Under Rehoboam it was conquered by Shishak, king of Egypt (b.c.973), who pillaged the treasures of the temple (2 Chron. xii. 9). Under Amaziah it was taken by Jehoash, king of Israel, who broke down 400 cubits of the wall of the city, and took away all the gold and silver, and all the vessels of the temple, &c. (2 Kings xiv. 13, 14).

Uzzah, son of Amaziah, who at first reigned well, built towers in Jerusalem at the “corner gate,” at the “valley gate,” and at the turning of the wall, and fortified them (2 Chron. xxvi. 9).

His son Jotham built the high gate of the temple, and many other structures (2 Chron. xxvii. 3, 4). Hezekiah (b.c. 728) added to the other honors of his reign that of an improver of Jerusalem. His most important work in that character was the stopping of the upper watercourse of Gihon, and bringing its waters by a subterraneous aqueduct to the west side of the city (2 Chron. xxxii. 33).

Hezekiah’s son, Manasseh, in his latter and best years, built a strong and very high wall on the west side of the city. For about one hundred years after this period, no serious alteration is recorded in the state of Jerusalem.

Then, for the abounding iniquities of the nation, it was abandoned to destruction. After a siege of three years it was taken by Nebuchadnezzar, who razed its walls, and destroyed its temple and palaces by fire (2 Kings xxv.; 2 Chron. xxxvi.) At this period the ten tribes forming the kingdom of Israel had been already upwards of one hundred and thirty years transported to Assyria; Judah was now exiled to Babylon; and the Castle of David, the Temple of Solomon, and the entire city, lay in utter, and to all human appearance hopeless, ruin until the prophetic period of its restoration.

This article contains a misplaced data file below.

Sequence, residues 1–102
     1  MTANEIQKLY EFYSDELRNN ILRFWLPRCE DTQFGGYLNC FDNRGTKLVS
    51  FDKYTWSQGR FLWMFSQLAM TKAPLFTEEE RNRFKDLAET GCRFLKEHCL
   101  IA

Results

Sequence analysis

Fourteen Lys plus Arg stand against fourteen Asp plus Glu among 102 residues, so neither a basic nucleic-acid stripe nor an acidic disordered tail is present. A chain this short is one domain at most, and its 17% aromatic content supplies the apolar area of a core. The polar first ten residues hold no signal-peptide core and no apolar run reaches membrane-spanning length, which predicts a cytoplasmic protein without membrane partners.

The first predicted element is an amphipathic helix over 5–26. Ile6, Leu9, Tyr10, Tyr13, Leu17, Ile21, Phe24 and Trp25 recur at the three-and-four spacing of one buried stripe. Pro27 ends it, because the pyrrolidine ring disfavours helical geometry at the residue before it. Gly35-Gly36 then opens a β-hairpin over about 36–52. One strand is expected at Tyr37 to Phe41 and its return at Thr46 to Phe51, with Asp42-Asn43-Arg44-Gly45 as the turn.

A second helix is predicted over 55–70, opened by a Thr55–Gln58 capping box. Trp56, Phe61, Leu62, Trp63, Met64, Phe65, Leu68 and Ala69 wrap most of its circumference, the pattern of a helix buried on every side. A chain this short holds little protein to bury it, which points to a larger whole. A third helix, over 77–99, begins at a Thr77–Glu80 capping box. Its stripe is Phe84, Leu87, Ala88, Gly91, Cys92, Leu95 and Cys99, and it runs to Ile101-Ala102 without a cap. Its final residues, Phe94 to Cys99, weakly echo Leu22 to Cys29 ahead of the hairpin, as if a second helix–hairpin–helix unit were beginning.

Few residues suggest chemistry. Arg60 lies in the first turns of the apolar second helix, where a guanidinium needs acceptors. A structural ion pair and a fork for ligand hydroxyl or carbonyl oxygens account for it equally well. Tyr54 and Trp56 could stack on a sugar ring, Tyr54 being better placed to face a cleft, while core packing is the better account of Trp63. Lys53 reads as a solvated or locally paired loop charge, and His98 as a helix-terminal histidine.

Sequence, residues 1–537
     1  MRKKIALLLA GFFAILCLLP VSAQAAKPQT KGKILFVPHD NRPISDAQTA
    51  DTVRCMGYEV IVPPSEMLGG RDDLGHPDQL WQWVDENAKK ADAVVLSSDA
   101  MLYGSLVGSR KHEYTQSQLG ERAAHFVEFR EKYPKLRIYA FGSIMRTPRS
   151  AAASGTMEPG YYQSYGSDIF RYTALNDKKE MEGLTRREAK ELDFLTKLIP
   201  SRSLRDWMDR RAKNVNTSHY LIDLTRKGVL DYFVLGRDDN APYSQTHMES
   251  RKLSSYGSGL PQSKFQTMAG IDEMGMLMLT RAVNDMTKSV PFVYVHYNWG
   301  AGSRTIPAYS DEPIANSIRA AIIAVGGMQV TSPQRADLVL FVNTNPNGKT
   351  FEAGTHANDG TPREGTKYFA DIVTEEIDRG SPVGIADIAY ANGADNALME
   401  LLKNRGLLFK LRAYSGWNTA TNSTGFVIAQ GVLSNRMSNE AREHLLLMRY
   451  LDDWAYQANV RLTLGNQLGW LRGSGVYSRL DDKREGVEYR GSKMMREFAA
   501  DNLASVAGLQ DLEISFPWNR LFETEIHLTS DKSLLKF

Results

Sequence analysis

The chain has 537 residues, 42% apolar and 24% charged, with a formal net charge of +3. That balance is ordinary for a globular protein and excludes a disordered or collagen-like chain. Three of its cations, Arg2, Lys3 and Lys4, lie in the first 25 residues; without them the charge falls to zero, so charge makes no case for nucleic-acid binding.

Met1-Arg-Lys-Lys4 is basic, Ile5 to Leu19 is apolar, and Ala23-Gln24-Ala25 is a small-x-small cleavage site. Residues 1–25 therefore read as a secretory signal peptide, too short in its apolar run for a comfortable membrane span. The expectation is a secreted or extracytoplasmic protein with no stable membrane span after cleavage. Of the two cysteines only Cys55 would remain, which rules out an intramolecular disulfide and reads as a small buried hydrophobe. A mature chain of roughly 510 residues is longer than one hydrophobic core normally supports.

With regard to this captivity there existed two prophecies of remarkable precision. The first was by Jeremiah (xxv. 9, 12), in which the duration of the captivity is limited to seventy years; the other by Isaiah (xliv. 28), where the very name of the appointed deliverer is mentioned, “Thus saith the Lord of Cyrus, He is my shepherd, and shall perform all ray pleasure : even saying to Jerusalem, Thou shalt be built; and to the temple, Thy foundation shall be laid.” Daniel, who shared in the captivity, lived to see the reign of Cyrus. This prince issued a most remarkable proclamation, commanding the restoration of the temple, &c. He appointed Sheshbazzar as Prince of Judah, who led to Jerusalem 42,360 people besides their servants, of whom there were 7337 (Ezra i. 5—11).

In the following year, when the foundation of this second temple was laid, it is recorded that “the people shouted for joy, but many of the Levites, who had seen the first temple, wept with a loud voice” (Ezra iii. 2, 12). The temple was not completed until the sixth year of the reign of Darius, having been delayed by the orders of Artaxerxes, who was influenced to this interference by the jealous intrigues of the Samaritans.


  • The Holy Land, Syria, Idumea, Arabia, Egypt, & Nubia, by David Roberts, George Croly, William Brockedon. London: Lithographed, printed and published by Day & Son, lithographers to the Queen. Cate Street, Lincoln’s Inn Fields, 1855.
  • Egypt and Palestine by Francis Frith, 1858. Publisher: London, James S. Virtue, City Road and Ivy Lane. New York: 26, John Street.